South Korean military exercise raises danger of war

By John Chan
20 December 2010

In a calculated and reckless provocation directed in the first instance against North Korea, the Obama administration has encouraged South Korea to hold live-fire drills in the vicinity of Yeonpyeong Island. The highly sensitive island was the site of artillery exchanges on November 23 between South and North Korea.

South Korea has ignored North Korea’s threat of retaliation and calls by China and Russia for calm and restraint. The live fire exercise not only has the potential to provoke a military confrontation between the two Koreas, but carries the danger of a broader conflict involving the major powers.

US is backing the South Korean exercise not just as a means for exerting pressure on North Korea, but also on China. In recent months, the Obama administration has waged an aggressive campaign throughout the region aimed at undercutting China’s growing influence. Washington has repeatedly blamed China for not doing enough to “rein in” North Korea and rebuffed every effort by Beijing to ease tensions on the Korean Peninsula.

South Korea has announced that the artillery drill will proceed today. The announcement came within hours of the breakdown of an emergency session of the UN Security Council called by Russia, with China’s support. According to a Reuters report, Russia circulated a draft statement to Security Council members that called for “maximum restraint” and urged UN Secretary-General Ban Ki-moon to send an envoy to Seoul and Pyongyang to prevent the crisis spiralling out of control.

The US and its allies, Britain, France, Japan and South Korea, blocked the resolution, voicing support for a British draft that blamed the crisis solely on North Korea and condemned it for last month’s shelling incident. The US ambassador to the UN, Susan Rice, ruled out any compromise, declaring that “it would not be productive for there to be a statement that was ambiguous in some fashion.”

Yeonpyeong Island lies just to the south of the disputed North-South maritime border in the Yellow Sea. The border, which was unilaterally declared by the US in the aftermath of the Korean War in 1953, has never been accepted by Pyongyang. Although Seoul and Washington have insisted this week’s drills will only fire into the water, and not toward the coast of North Korea, Pyongyang claimed that last month’s large-scale South Korean military exercises in the same area fired shells into its territorial waters. It insisted that its subsequent shelling of the island, which killed four people, including two civilians, was a counter-attack. South Korean artillery then returned fire on the north.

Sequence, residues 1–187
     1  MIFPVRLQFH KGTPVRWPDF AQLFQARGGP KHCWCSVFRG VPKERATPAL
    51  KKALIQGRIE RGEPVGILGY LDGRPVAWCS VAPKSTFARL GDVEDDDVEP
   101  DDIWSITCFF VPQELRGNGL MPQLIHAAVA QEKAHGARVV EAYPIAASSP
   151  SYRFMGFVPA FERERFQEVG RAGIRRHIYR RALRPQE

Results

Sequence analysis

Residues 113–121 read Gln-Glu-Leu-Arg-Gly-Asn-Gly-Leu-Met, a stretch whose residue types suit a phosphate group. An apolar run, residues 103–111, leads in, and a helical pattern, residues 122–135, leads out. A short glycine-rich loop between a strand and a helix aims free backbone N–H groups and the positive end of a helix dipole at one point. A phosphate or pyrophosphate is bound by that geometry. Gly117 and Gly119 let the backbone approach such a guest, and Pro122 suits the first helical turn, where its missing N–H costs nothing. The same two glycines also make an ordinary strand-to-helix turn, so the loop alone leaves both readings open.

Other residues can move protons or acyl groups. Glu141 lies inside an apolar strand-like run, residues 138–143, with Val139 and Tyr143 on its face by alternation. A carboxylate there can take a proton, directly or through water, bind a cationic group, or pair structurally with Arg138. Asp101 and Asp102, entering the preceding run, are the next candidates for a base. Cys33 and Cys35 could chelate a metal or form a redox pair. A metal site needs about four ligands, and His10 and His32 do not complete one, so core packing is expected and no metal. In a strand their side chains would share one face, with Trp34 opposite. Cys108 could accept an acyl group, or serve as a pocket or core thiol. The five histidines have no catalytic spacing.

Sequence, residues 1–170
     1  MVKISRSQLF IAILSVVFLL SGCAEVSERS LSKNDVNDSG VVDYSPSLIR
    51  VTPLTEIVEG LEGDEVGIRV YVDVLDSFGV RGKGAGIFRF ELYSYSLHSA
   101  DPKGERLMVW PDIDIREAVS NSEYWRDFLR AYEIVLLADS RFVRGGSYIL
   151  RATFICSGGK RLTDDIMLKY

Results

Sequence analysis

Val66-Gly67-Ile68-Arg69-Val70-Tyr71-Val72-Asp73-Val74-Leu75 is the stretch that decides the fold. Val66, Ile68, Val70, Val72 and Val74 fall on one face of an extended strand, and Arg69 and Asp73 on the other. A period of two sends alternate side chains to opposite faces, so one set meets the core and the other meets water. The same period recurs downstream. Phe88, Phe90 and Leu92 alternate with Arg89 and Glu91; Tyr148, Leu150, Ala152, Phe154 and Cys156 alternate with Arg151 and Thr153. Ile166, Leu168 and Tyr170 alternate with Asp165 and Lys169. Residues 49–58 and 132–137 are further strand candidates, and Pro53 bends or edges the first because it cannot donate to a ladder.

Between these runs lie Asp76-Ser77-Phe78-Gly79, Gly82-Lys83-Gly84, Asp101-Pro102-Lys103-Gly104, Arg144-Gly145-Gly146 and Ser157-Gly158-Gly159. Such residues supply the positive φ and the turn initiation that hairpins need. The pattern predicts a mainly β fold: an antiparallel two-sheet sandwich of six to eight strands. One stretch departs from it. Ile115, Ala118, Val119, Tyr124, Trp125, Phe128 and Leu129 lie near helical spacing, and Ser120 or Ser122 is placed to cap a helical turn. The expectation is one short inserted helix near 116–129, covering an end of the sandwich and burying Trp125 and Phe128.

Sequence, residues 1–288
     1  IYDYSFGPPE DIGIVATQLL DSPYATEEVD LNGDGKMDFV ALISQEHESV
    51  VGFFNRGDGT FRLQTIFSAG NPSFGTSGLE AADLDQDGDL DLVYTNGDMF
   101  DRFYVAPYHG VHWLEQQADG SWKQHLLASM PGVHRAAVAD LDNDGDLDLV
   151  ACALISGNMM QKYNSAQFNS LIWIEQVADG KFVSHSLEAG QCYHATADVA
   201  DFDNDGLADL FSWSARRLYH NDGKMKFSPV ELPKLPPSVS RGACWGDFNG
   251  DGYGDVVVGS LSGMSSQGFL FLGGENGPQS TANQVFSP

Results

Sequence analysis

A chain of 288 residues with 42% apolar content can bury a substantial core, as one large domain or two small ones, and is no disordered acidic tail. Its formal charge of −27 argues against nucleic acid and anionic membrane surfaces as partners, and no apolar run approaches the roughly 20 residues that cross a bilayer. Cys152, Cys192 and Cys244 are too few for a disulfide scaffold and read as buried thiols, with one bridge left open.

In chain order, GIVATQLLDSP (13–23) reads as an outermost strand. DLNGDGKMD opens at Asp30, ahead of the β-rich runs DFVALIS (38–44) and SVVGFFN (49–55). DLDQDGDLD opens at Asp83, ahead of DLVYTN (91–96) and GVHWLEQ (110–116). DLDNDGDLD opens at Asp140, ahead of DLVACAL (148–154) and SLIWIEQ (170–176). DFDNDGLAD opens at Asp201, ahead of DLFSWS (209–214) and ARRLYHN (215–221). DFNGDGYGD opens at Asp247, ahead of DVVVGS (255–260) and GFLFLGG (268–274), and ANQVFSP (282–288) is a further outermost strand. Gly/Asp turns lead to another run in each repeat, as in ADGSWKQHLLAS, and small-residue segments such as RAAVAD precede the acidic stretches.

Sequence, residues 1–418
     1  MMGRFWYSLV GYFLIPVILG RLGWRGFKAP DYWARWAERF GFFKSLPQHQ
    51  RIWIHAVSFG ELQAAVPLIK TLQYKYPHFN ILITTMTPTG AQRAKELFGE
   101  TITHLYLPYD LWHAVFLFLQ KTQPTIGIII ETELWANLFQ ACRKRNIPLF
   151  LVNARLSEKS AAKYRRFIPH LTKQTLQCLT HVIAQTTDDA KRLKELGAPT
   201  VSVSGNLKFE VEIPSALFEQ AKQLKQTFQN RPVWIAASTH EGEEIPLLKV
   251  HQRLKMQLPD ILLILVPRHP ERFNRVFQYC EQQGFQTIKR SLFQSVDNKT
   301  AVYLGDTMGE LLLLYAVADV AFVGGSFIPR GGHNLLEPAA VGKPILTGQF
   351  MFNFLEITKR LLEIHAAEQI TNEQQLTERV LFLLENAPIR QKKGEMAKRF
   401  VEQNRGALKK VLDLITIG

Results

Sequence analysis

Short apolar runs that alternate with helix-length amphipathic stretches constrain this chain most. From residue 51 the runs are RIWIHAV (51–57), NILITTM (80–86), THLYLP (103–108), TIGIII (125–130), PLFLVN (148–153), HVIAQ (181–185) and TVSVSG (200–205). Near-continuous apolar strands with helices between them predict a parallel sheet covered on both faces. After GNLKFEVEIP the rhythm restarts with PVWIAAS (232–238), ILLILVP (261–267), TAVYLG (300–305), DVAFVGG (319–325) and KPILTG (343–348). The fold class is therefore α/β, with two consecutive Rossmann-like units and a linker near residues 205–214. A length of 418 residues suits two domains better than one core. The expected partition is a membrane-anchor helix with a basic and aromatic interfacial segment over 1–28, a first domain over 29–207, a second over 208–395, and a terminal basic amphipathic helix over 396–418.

The White House had deliberately escalated the tensions by publicly endorsing the South Korean drill. Last Friday, US State Department spokesman Philip J. Crowley declared that as “a sovereign country,” South Korea “has a right to exercise its military as it sees fit”. A total of 21 American military trainers and observers will participate in the drills.

Last Thursday, US Marine Corps General James E. Cartwright, the vice chairman of the Joint Chiefs of Staff, insisted the war games were “routine”. But he admitted: “If North Korea were to react to that in a negative way and fire back… at those firing positions on the islands, that would start potentially a chain reaction of firing and counter-firing”.

The US and its allies are well aware that the exercise could trigger a war. An unnamed US military official told CNN last Friday that the Obama administration and the South Korean government had established “contingency communication plans” in the event of North Korean retaliation. He said the US side would be ready to discuss with Seoul various “courses of action,” including “the most dangerous courses of action”.